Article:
Physiogram Trick Photography

Photography Effect

A Physiogram is a  unique pattern or patterns formed by light in motion captured by a single long exposure.

blue double physiogram

An example of a Physiogram captured by mjtmail on Flickr  

In short it allows you to create neon circles which is a cool Photography Effect. To create this you will need:

  1. A flashlight or LED light like a Maglite.
  2. A piece of string or shoelace
  3. A digital camera or DSLR that has a manual focus

Step 1. Tie a loop through the end of your flashlight and attach the end to the ceiling. We will be taking advantage of this dangling effect later.

Step 2. Place your camera on the floor with the lens facing upwards towards the flashlight.

Note: Some photographers like Scott Wittenburg prefer to capture the light effect by a mirror and then capture the image with their Digital Camera or SLR on a tri-pod. Either is fine

Step 3. Turn on your flashlight and get your camera to focus on the light coming from it.

 Step 4. Set the camera to manual focus and turn the room light off. This is to maximise the impact of the light from the flashlight.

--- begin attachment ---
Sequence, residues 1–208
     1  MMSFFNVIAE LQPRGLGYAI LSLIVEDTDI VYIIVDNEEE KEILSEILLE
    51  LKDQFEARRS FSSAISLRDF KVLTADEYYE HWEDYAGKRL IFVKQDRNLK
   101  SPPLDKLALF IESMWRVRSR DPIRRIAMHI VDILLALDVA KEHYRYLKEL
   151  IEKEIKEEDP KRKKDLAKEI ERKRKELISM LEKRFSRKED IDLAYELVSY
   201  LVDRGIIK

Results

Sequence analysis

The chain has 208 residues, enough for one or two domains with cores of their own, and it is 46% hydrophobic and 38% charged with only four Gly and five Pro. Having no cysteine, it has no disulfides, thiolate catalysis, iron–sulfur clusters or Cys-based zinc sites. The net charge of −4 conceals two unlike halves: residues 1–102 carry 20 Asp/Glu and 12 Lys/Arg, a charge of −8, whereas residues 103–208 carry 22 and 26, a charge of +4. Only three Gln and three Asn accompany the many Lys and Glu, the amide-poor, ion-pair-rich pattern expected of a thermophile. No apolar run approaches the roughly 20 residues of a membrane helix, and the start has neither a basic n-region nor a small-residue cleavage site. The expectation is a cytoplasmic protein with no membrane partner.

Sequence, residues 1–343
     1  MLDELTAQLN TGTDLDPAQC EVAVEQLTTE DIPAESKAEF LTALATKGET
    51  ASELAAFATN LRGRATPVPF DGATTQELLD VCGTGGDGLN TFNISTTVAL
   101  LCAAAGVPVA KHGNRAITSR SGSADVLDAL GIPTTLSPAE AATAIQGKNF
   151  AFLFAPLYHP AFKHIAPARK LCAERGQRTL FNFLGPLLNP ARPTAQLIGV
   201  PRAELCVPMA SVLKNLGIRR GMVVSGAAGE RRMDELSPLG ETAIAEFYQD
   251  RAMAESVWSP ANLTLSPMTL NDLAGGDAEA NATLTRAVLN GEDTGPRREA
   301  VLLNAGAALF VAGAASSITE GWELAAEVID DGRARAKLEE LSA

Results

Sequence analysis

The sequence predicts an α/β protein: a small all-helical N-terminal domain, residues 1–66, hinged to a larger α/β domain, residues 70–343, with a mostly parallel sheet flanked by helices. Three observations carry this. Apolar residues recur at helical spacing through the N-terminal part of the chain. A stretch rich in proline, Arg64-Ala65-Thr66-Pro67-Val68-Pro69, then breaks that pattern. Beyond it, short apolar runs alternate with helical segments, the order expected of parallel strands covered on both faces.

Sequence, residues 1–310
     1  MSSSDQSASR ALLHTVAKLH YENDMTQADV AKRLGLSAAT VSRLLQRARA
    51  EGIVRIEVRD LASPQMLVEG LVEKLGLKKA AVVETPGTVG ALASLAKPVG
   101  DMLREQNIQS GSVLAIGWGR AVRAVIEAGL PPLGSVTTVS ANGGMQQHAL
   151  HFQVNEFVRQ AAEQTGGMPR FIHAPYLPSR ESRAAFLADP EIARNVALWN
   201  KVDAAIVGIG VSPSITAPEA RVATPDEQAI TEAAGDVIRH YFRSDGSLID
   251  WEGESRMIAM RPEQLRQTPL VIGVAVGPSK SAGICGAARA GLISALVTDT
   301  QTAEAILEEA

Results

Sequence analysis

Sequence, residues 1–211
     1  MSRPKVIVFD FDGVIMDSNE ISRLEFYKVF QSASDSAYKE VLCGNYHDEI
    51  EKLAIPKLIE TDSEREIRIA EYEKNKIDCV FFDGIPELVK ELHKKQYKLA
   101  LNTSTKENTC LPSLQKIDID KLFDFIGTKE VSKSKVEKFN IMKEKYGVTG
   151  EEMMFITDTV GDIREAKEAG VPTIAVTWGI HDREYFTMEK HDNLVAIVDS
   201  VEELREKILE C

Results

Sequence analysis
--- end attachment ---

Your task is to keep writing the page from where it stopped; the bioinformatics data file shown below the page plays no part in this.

Step 5. Take your long exposure. A long exposure of 30 seconds, the maximum setting allowed on most DSLR Cameras  is normally adequate but you may want to experiment to see what works for you.

Note: You will have to take multiple shots with your camera before you get the desired effect so don't worry if it doesn't work the first time.

If you want to make a slightly different effect, zoom in and out at the light while taking the exposure. For those of you who prefer a more visual explanation here is a how to by Scott Wittenburg.



If you have a wider aperture on your camera, light can seep through and lighten the background. If this happens, you can load your photo into Photoshop and go to Image/Adjustments/Selective Colour. From there you can turn down blacks to darken the background and maximise the lighting impact. Alternatively, if you don’t want to buy or have Photoshop you can do the same thing with the GIMP, a free Open-Source alternative.


If you are feeling creative you could take multiple exposures using different colored lights and blend them together on your PC to create an even more cooler effect. Go on, give it a try!